Tragic toddler was on child-protection register due to mother’s relationship with man charged with her murder

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The mother of a two-year-old girl, and the mother's partner, have appeared in court in relation to the death in Dungannon last week.

Darren John Armstrong (32) of Park Avenue, Dungannon, but also with an address at Ardbeg Drive Dungannon is charged with murdering Ali Jayden Doyle on 6 August and perverting the course of justice by providing police with misleading information.

His partner Jade Dempsey of Sycamore Drive, Dungannon is charged with perverting the course of justice and causing the death of a child.

 Detective Sergeant James Brannigan told Omagh Magistrates Court all charges could be connected.

Lawyers for Dempsey voiced concerns around her arrest and felt the evidence against her “lacks a number of components.”

Outlining the background of the case, Detective Brannigan explained around 11am on the morning in question, NI Ambulance Service were called to the Park Avenue address to a report of an unconscious child.

They found little Ali unresponsive and high on the coma scale, not reacting to pain or motor response.

Armstrong claimed Ali’s baby brother hit her with a toy, causing her to fall and strike her heard on the fireplace.

While Ali was being rushed to the Royal Victoria Hospital paramedics became concerned about the account given by both Armstrong and Dempsey, and contacted police and Social Services.

Shortly after arriving at hospital, the child passed away.

The court heard both children had been placed on the Child Protection Register in April, due to Dempsey was in a relationship with Armstrong.

She was: “Expressly told on a number of occasions that he was to have no access – supervised or unsupervised – with these two children.”

Later that night Armstrong was arrested on suspicion of murder.

Dempsey claimed to have arrived at his house to return a back card she had borrowed and while there released one of the children had lost it’s dummy. She decided to “re-trace her steps” and left them with Armstrong.

In the process of this, she claims Armstrong rang her and stated Ali was hurt.

She returned to the house to find paramedics in attendance.

Investigations revealed the couple had arranged for Dempsey to travel to Belfast to purchase a pram, and would leave the children with Armstrong while she was gone.

She sent a text to him around 10.30am saying they were on their way and the taxi driver who took her to Park Avenue described Ali as: “Alert and in good spirits.”

After leaving them off Dempsey made her way to the bus station and about 10.45am Armstrong’s sent her a video of the child watching television.

Minutes later he sent a text referring to Ali’s baby brother saying: “He’s seriously melting my head. He won’t stop. Crying for completely nothing.”

Dempsey tells Armstrong to: “Let him out of the chair. He likes to do his own thing.”

Close to 11am he rings Dempsey and it is this call which police believe if the notification that Ali is injured.

A port mortem revealed the injury: “More likely to be non-accidental. The injuries are so extensive the pathologist could not say how many times the head had been impacted.  Over 25 years experience the pathologist never seen this level of injury from accidental injury in a child or adult.”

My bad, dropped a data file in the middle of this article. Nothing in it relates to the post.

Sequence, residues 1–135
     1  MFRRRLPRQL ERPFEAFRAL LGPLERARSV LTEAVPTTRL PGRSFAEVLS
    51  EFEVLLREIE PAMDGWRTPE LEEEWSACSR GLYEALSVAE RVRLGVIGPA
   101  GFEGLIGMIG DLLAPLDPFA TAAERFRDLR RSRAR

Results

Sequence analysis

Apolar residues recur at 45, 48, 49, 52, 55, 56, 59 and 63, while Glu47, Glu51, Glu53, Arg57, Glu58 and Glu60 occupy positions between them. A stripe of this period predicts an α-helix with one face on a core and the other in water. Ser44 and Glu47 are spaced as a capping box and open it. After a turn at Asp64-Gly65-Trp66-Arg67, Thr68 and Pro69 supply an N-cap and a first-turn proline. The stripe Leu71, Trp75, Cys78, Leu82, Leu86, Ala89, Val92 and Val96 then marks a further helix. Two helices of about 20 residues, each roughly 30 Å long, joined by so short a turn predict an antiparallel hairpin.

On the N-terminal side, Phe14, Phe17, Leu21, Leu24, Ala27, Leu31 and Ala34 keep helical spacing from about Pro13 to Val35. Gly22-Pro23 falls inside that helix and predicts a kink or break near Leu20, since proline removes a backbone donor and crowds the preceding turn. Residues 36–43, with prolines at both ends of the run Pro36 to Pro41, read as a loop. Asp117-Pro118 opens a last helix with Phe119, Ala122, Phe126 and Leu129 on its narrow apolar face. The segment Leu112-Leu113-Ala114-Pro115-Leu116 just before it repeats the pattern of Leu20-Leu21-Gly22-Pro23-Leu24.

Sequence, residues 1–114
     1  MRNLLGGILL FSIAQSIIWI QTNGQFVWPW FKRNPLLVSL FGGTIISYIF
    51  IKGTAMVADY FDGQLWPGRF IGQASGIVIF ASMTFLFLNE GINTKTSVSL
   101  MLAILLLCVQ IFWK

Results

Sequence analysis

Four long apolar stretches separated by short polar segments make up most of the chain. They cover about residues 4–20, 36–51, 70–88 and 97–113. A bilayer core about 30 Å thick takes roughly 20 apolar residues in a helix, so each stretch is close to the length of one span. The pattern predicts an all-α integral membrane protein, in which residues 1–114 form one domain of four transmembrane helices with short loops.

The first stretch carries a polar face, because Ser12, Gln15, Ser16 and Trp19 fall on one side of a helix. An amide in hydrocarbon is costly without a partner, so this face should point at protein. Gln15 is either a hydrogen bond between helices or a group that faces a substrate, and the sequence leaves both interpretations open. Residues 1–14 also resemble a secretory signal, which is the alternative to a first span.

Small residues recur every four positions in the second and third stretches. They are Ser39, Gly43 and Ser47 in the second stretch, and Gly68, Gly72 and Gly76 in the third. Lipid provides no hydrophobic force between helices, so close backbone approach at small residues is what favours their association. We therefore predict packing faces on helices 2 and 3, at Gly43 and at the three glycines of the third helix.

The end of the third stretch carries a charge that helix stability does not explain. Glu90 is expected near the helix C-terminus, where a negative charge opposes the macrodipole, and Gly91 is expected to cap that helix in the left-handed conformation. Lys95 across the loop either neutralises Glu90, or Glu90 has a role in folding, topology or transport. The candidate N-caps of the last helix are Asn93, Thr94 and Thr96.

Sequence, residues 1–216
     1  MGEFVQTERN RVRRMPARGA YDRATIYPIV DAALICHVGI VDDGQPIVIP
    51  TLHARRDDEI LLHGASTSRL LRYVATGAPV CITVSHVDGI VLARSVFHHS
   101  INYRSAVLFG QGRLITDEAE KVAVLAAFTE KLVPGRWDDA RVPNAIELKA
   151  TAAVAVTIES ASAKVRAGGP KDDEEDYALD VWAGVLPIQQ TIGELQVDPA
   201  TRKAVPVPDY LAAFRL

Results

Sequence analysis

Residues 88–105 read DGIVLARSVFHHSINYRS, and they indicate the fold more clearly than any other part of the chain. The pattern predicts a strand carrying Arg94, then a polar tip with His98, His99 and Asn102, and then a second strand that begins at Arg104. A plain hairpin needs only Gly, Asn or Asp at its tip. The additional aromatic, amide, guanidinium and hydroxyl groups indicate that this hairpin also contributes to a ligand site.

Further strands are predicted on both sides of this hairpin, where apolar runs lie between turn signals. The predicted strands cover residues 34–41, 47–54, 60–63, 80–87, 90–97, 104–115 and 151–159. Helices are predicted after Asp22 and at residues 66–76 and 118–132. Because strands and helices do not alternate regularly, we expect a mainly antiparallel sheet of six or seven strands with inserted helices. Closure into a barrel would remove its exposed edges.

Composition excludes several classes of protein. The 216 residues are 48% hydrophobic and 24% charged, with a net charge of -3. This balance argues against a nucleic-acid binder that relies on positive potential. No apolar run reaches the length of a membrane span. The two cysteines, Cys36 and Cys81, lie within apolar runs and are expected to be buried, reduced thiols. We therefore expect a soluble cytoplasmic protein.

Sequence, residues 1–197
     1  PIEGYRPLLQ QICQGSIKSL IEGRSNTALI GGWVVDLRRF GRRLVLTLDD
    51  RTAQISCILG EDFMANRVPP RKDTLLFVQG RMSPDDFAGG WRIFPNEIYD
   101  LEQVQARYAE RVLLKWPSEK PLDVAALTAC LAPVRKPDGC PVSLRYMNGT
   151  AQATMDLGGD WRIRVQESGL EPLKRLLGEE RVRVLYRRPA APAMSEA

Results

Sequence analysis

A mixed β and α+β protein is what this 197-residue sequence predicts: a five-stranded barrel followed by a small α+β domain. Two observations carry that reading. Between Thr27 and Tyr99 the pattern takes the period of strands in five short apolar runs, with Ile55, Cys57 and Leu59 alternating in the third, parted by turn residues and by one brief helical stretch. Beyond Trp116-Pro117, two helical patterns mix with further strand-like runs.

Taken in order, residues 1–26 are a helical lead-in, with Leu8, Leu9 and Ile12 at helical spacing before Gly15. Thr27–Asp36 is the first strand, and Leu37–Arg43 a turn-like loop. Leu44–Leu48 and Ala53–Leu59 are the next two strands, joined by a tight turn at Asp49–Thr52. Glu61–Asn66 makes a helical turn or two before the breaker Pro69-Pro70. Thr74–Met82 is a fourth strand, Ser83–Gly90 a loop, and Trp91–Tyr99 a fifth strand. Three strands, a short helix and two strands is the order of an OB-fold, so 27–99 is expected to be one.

A neighbour told police they heard one child screaming and another crying.

“What alerted this person to the screams was the child was not taking a breath. It was a continuous scream,” said the detective.

He added: “We believe both children were distressed and for some reason Armstrong has attacked Ali.”

Paramedics noted she was “wet to the touch” with Armstrong claimed to have carried water from the kitchen which he threw over her in an attempt to revive her.

However later in police interview he said he placed her in the shower to revive her.

Opposing bail, the detective said Dempsey had travelled to her family in Dublin in the aftermath and while she had presented herself for arrest when required, had indicated her intention to give up her Dungannon house and go back home.

Armstrong is described as having a lengthy record and may abscond or reoffend is released.

Under cross-examination Detective Brannigan confirmed Armstrong called the ambulance and followed the instructions given by paramedics until their arrival.

He disagreed the case was “largely circumstantial” pointing out video footage had been found of the child being well shortly beforehand, who then: “Suffered catastrophic injuries which were non-accidental.”

Armstrong’s lawyer said his client offered: “A full, frank and detailed account … He is entitled to his liberty and the presumption of innocence. It’s a serious offence but I believe he is a suitable candidate for bail.”

Dempsey’s lawyer said she was initially a witness who provided information to police although it was  was accepted she had left the children with Armstrong when both knew this was not permitted.

“She is a victim. She has had a horrendous life having her other two children taken into care. She needs to be allowed to grieve as a mother who has lost a child.”

He said two sureties are willing to put forward cash to secure her release.

District Judge Bernie Kelly remarked: “I do not consider either to be suitable for bail”

In respect of Dempsey who wept throughout the hearing, Judge Kelly said: “She is an actual flight risk and her family support is in Dublin. Her youngest child is now also in care. She has little reason to remain here.”

Turning to Armstrong, she added: “He has a litany of breaches on an extensive criminal record. I entertain no confidence he would adhere to any bail terms I could impose.”

The pair were remanded in custody to appear by video-link at Dungannon Magistrates Court later this month Dempsey wept throughout proceedings

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